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The Limited Hold


Techniques Conditioning > The Limited Hold

Description | Example | Discussion | See also



The limited hold involves placing a strict time limit between a cue and the required action. If the action is completed later than this time limit, then no reward is given.

A key purpose of the limited hold is to ensure a prompt response to a command. It is particularly useful when a subject is slowing in its response or has never learned to respond with speed.

Make the initial hold period slightly less than the current response rate. Then when the subject has learned to respond within this hold period, you can steadily decrease the period until the subject response with reliable and due alacrity.


A trainer calls a dog to come in and sit. The dog takes its time but eventually obeys. The trainer gives no reward or comment. Next time the dog comes more quickly and gets rewarded.

A child does not come to the dinner table within the two minutes that have been stipulated. Their parent gives the child's dinner to the dog. The child quickly learns to arrive at the dinner table quickly!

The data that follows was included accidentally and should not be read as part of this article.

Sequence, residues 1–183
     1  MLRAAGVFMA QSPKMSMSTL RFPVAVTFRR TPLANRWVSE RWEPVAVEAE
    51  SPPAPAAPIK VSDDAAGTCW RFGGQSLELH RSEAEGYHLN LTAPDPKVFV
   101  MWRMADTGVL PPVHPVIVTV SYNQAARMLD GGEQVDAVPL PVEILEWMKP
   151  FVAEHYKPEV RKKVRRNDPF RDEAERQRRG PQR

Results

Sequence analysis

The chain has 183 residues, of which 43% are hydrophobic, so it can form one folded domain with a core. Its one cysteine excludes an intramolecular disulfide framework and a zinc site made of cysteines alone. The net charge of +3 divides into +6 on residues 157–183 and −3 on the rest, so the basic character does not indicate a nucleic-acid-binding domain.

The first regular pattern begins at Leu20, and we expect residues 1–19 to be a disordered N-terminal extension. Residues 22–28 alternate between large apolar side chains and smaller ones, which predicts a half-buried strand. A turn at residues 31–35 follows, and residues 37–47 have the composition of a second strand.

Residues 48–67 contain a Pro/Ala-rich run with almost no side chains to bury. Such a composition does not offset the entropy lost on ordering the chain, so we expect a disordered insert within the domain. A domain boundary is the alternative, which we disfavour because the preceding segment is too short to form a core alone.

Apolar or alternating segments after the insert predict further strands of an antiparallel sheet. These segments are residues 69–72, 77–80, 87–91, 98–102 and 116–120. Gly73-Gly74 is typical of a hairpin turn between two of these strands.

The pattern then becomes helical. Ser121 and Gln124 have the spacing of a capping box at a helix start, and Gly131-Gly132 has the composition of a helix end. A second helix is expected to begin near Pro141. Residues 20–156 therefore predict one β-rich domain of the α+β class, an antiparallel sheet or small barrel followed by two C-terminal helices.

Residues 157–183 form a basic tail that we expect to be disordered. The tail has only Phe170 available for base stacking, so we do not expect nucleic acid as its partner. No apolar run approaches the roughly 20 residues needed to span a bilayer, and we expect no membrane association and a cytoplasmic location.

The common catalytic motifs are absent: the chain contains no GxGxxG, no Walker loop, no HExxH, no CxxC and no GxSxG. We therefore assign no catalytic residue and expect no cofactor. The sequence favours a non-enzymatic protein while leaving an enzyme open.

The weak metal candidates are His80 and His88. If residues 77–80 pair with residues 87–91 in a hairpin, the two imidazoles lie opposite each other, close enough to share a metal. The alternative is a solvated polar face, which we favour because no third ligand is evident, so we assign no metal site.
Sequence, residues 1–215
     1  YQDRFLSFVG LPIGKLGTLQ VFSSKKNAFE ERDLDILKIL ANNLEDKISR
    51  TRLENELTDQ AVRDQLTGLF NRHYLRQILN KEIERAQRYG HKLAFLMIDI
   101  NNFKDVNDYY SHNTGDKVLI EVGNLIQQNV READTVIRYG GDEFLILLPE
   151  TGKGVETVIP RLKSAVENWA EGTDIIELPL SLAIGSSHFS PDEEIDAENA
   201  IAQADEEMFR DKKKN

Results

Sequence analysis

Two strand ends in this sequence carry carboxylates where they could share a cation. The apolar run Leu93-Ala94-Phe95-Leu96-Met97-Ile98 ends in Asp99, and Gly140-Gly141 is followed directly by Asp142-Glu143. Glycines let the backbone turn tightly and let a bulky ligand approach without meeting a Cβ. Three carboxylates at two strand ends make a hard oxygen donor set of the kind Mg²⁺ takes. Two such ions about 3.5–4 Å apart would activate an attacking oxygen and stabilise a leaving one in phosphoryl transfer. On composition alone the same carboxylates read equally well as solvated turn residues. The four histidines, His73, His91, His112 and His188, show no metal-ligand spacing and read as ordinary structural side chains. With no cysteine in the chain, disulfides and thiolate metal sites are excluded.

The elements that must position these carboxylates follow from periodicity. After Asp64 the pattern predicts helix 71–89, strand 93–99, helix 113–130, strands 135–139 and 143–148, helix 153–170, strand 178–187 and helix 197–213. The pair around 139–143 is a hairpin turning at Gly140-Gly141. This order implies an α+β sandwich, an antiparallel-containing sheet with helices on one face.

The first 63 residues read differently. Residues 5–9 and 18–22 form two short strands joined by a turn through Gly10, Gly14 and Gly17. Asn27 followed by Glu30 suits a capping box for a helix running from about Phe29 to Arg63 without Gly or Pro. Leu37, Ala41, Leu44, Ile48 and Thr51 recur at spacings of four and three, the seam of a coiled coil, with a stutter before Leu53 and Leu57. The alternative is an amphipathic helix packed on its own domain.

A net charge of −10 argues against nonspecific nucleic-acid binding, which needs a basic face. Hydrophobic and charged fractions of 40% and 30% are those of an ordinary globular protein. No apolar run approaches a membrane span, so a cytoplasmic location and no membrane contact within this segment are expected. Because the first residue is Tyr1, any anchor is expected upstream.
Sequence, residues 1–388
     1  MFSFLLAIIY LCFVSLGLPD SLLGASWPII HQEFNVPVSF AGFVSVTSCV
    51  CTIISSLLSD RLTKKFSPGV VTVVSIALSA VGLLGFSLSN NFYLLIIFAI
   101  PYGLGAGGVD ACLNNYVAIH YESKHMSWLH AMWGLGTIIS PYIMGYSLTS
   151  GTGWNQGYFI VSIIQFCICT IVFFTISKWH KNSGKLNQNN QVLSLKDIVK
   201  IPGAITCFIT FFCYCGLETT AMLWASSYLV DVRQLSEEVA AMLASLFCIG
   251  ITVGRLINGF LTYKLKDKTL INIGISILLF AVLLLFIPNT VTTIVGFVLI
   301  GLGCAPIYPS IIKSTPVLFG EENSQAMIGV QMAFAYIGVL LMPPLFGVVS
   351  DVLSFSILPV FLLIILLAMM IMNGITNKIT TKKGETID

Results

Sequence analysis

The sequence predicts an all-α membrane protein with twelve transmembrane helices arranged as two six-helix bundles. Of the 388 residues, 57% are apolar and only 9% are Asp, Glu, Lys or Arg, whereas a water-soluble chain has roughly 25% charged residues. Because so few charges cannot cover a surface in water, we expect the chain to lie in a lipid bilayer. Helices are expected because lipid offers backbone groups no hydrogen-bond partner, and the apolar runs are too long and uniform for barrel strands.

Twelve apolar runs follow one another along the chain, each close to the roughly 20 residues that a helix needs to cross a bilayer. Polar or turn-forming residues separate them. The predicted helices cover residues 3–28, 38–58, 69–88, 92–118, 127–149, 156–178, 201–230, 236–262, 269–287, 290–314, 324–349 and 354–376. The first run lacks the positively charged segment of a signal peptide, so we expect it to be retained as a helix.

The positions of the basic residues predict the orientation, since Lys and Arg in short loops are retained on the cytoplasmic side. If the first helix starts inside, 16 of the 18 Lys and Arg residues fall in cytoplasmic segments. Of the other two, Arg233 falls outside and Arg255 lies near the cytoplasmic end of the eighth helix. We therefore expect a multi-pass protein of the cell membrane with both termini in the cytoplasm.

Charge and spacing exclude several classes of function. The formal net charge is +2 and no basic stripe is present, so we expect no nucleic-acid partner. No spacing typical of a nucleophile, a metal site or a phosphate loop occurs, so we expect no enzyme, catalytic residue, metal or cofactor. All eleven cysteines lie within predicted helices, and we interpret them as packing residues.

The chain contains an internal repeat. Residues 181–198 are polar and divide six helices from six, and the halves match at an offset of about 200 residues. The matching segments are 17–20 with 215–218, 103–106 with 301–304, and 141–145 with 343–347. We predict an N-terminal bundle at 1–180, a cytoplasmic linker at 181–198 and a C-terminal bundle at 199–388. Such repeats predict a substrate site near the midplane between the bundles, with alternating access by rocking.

The limited hold offers an alternative to frustrated trainers who may be tempted to resort to punishment, even if they know how counter-productive this may well be. Anger is a natural human response when things do not happen as they have planned, and this easily ends up directed towards a puzzled and alarmed subject.

For the subject, the limited hold may at first be puzzling if they are expecting a reward -- and indeed they may have been conditioned to expect a reward even after a very slow response and with much encouragement.

When the subject does not get their 'due' reward, they need to learn that they must move faster to get this reinforcement. As with other training, they may initially be offered more encouragement, but the hold period should not change, otherwise the subject may be confused or make incorrect assumptions. Starting with a hold period just short of the normal response give the subject a reasonable chance of discovering this.

See also

Discriminative Stimulus, Response Lag


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